Attorney General Jeff Sessions Offers To Testify To Intelligence Panel

Alvin Kelly
June 13, 2017

Editor's Note: (Watch CNN's live coverage of AG Jeff Sessions' testimony beginning Tuesday at 2 p.m. ET on CNN and (CNN) Attorney General Jeff Sessions stunned the political world over the weekend by making clear he wanted to testify in front of the Senate Intelligence Committee in its investigation into Russia's meddling in the 2016 election. "He believes it is important for the American people to hear the truth directly from him and looks forward to answering the committee's questions tomorrow".

It has never been clear how Sessions could have recused himself from the Russian Federation investigation, but still involved himself in the decision to fire the FBI director, given that the decision to fire Comey was directly linked to the Russian Federation investigation.

The public testimony Tuesday before the Senate intelligence committee should yield Sessions' most extensive comments to date on questions that have dogged his entire tenure as attorney general and that led him three months ago to step aside from the Russian Federation probe.

Whether executive privilege is invoked "depends on the scope of the questions", White House spokesman Sean Spicer told reporters Monday.

On Saturday, Attorney General Jeff Sessions canceled his scheduled appearance before an open session of the House and Senate appropriations committees set for the coming week.

First, Democrats will grill him on Comey's revelations - for instance his claim that Sessions appeared to recognize the inappropriateness of Trump's request to meet the Federal Bureau of Investigation director alone on February 14. His failure to disclose meetings with Russian ambassador Sergey Kislyak forced him to later amend his testimony and added fuel to the Russia intrigue swirling around Washington.

Senate Minority Leader Chuck Schumer, D-N.Y., who had called for Sessions' testimony to be public, welcomed the open hearing as a "positive step" but said the attorney general should be "forthcoming" regarding "unanswered and troubling questions".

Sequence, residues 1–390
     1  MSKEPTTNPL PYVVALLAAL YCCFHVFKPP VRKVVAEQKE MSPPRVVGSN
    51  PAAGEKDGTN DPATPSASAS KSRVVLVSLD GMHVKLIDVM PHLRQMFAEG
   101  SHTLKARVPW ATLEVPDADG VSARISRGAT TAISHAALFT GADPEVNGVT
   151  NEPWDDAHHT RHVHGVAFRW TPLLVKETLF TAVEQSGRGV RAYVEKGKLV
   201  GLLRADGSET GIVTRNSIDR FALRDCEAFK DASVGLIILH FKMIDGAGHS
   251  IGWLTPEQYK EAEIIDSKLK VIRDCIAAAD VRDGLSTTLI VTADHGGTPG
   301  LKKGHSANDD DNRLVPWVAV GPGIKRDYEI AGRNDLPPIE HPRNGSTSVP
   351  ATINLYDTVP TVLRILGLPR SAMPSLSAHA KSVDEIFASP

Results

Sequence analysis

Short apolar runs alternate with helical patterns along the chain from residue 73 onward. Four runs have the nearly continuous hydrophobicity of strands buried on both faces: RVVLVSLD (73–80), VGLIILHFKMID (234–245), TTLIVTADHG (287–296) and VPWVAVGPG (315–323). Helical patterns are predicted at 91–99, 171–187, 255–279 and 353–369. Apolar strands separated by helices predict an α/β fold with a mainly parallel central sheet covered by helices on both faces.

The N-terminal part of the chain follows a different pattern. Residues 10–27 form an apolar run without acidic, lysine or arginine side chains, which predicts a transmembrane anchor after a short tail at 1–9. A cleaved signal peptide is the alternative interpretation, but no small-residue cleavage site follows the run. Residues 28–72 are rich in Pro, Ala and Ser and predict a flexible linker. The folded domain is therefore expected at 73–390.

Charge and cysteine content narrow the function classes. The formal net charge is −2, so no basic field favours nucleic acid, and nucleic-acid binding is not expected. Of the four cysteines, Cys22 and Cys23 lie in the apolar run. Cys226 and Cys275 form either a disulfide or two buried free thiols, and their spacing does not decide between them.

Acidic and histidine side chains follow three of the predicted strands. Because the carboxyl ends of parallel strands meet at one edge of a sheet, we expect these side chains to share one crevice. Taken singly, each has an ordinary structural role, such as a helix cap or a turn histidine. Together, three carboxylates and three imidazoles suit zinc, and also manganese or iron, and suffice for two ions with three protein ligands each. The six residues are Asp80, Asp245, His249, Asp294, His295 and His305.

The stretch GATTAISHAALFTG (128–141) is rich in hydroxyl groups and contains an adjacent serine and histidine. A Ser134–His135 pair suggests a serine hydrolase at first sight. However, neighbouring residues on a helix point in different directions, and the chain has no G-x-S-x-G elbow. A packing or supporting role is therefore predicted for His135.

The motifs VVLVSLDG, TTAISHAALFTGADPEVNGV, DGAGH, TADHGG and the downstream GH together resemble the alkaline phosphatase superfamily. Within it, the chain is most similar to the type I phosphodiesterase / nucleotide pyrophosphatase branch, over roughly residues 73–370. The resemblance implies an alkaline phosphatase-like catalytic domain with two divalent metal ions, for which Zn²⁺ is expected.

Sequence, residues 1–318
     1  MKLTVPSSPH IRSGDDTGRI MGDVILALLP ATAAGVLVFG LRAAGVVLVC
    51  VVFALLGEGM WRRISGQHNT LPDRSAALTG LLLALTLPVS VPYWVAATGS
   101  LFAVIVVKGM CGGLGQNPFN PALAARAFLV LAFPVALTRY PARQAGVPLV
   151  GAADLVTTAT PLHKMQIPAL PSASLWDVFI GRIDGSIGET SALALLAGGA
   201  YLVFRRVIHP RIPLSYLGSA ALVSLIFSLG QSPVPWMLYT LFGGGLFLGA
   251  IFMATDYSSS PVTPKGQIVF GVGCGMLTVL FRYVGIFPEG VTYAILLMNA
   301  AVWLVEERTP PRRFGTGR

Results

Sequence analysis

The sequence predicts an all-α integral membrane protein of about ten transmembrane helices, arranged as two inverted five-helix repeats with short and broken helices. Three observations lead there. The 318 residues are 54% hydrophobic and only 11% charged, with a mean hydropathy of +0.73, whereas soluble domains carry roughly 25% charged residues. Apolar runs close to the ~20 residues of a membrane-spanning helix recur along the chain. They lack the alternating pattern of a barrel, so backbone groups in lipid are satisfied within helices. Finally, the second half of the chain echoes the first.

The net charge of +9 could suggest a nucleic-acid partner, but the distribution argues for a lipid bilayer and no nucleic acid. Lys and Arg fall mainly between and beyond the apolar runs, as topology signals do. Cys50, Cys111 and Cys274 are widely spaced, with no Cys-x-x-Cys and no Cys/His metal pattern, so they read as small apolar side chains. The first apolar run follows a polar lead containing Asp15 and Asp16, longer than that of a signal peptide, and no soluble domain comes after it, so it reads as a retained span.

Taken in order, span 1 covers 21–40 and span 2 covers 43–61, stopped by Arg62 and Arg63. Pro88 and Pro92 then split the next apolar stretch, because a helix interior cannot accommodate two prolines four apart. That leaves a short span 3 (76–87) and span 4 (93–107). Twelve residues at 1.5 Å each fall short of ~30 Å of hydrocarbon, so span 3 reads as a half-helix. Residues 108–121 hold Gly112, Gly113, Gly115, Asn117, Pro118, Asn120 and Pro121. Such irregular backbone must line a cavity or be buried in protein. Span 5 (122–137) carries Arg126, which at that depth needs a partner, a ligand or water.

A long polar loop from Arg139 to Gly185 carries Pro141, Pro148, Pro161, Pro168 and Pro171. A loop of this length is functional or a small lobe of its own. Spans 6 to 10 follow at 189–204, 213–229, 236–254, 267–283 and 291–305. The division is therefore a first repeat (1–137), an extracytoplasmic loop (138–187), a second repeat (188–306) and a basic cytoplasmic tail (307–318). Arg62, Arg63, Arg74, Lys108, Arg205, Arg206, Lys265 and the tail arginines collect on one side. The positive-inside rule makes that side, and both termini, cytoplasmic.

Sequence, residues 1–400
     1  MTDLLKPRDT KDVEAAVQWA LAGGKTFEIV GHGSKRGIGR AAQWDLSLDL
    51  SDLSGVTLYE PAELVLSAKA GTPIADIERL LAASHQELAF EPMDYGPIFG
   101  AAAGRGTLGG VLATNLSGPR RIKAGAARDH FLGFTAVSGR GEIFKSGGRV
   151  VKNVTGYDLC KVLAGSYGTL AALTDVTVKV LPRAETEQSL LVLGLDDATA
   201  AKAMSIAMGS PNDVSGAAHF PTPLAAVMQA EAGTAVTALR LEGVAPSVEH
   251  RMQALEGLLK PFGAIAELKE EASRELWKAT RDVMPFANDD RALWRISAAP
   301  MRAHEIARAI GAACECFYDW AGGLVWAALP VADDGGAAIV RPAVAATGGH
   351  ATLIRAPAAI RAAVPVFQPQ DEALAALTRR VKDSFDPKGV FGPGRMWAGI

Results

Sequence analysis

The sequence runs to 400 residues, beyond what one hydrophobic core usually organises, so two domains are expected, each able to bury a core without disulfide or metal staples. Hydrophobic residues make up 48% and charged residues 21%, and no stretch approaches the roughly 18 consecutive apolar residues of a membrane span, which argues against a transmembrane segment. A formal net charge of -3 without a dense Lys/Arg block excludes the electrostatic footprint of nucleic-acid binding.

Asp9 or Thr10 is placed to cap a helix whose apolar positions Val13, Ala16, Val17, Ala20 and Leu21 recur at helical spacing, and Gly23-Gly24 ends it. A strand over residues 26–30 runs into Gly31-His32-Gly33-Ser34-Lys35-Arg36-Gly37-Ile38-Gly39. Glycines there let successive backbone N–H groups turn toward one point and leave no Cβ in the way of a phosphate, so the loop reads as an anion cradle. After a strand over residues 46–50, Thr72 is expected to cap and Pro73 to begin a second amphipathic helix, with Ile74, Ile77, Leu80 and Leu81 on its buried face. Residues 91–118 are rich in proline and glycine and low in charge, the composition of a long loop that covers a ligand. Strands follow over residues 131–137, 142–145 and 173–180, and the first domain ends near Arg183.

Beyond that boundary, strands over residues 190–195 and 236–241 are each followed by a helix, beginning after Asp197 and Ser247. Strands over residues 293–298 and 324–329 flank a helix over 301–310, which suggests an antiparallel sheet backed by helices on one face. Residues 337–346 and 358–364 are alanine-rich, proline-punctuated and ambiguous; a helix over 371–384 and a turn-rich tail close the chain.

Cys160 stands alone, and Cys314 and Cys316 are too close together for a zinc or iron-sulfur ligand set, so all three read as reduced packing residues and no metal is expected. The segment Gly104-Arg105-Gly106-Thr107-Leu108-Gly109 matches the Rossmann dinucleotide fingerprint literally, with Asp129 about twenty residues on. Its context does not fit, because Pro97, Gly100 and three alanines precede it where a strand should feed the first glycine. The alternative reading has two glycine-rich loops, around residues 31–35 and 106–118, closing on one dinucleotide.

On Monday, in a unusual photo op, members of Trump's Cabinet lavished praise on the President, who has struggled to extricate himself from the Russian Federation cloud over his White House.

More news: Maryland, DC attorneys general file lawsuit against Trump

Tuesday's hearing may also throw new light on the awkward state of the relationship between Trump and Sessions.

Trump's aides have dodged questions about whether conversations relevant to the Russian Federation investigation have been recorded, and so has the president.

-Feinstein acknowledged she "would have a queasy feeling, too" if Comey's testimony was true that Loretta Lynch, as President Barack Obama's attorney general, had directed him to describe the FBI probe into Hillary Clinton's email practices as merely a "matter" and to avoid calling it an investigation. Sessions said earlier this year that he'd never harbored racial animus.

Sessions is under scrutiny for his contacts with Russia's ambassador to the USA during the presidential campaign.

Media reports last week said Mr Sessions had offered to resign because of tensions with the president.

On Comey's accusations that Trump pressed him to drop the FBI investigation of Flynn, Bharara said "no one knows right now whether there is a provable case of obstruction" of justice. He said he didn't have an answer.

The attorneys general of Maryland and the District of Columbia on Monday sued President Donald Trump, accusing the commander-in-chief of violating a constitutional anti-corruption clause that bars him from accepting money from foreign governments, according to multiple reports.

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